The American Cowboy – 1890

A lull in the fight.

A lull in the fight.

The heyday of the American cowboy only covered about 20 years, from 1880 to 1900. That’s when the long drives to the railheads were made. Before the railroads were established in the West there was no efficient way of getting large herds of cattle to the East and the market demand for beef. By 1900 the influx of farmers, the proliferation of barbed wire fencing, and the increasing number of railroads made the long drives not just  uneccessary, they were physically impossible. The modern image of the cowboy is loosely based on the drovers that made the three month long drives to the railheads and then proceeded to tear the town up when they arrived. The drovers and the everyday working ranch hand were far different characters and there were many differences in their clothing, horse gear, and working skills which my presentations cover in detail.

The cowboy most people are familiar with today is purely a Hollywood creation. A fantasy with the prime purpose of getting you to purchase a ticket to see a movie. On the other hand, even an old dyed-in-the-wool history buff like me will buy a movie ticket to watch Tom Selleck or Robert Duval blow a bad guy away. It’s darned good entertainment. However, my preference just happens to be the real cowboys and I am well aware of the difference between “reel cowboys” and “real cowboys“. I do have to say, however, it is my personal opinion that in the late 1960s feeding frenzy of westerns the TV series “The High Chaparral” probably came the closest to portraying what Southwest ranch life was probably like in the 1870s in that it portrayed the unique interaction between the Americans and Mexicans along the Southwestern border.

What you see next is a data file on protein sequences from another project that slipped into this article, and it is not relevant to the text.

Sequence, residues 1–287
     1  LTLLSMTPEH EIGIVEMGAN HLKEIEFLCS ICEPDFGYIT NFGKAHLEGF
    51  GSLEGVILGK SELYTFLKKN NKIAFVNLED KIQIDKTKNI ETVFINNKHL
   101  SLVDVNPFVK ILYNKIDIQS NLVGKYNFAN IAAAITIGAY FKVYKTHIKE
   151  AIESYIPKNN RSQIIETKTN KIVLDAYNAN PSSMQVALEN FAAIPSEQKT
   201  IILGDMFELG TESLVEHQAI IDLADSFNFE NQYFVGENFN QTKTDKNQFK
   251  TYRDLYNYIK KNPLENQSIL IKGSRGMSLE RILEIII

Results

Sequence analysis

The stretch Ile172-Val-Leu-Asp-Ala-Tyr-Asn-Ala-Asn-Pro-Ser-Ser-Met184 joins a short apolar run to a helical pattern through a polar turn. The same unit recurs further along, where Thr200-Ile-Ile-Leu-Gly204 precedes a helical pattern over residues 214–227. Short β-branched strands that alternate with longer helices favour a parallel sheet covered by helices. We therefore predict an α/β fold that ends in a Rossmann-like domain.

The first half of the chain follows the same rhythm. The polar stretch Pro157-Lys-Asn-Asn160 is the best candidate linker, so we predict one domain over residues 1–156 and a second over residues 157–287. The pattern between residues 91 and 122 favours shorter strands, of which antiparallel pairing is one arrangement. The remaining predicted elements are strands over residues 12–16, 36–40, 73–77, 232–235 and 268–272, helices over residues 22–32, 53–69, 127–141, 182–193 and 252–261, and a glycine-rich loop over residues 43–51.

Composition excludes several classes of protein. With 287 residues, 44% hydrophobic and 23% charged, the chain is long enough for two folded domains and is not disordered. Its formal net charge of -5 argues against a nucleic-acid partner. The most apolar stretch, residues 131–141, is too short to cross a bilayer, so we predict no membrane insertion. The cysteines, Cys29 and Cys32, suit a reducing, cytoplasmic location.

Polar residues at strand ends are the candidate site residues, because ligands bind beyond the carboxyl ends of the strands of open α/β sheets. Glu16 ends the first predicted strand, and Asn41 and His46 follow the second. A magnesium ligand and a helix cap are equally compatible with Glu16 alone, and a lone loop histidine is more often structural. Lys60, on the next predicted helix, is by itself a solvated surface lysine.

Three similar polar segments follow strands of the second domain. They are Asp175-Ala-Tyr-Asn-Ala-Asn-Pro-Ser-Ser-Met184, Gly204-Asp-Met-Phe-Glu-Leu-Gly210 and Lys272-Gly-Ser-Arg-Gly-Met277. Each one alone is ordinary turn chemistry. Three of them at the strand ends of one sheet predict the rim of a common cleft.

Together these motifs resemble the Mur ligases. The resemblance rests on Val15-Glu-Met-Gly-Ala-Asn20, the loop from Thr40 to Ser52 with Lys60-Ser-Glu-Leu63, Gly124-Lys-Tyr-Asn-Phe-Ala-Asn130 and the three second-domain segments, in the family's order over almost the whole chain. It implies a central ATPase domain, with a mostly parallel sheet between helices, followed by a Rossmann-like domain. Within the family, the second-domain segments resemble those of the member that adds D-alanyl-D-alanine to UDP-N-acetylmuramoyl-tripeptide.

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Call 623-221-3804 (c), 623-878-6145 (h), or send an email to CLAinAZ@aol.com to book a performance for your next event

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Published on October 11, 2011 at 3:39 pm  Comments Off on The American Cowboy – 1890  
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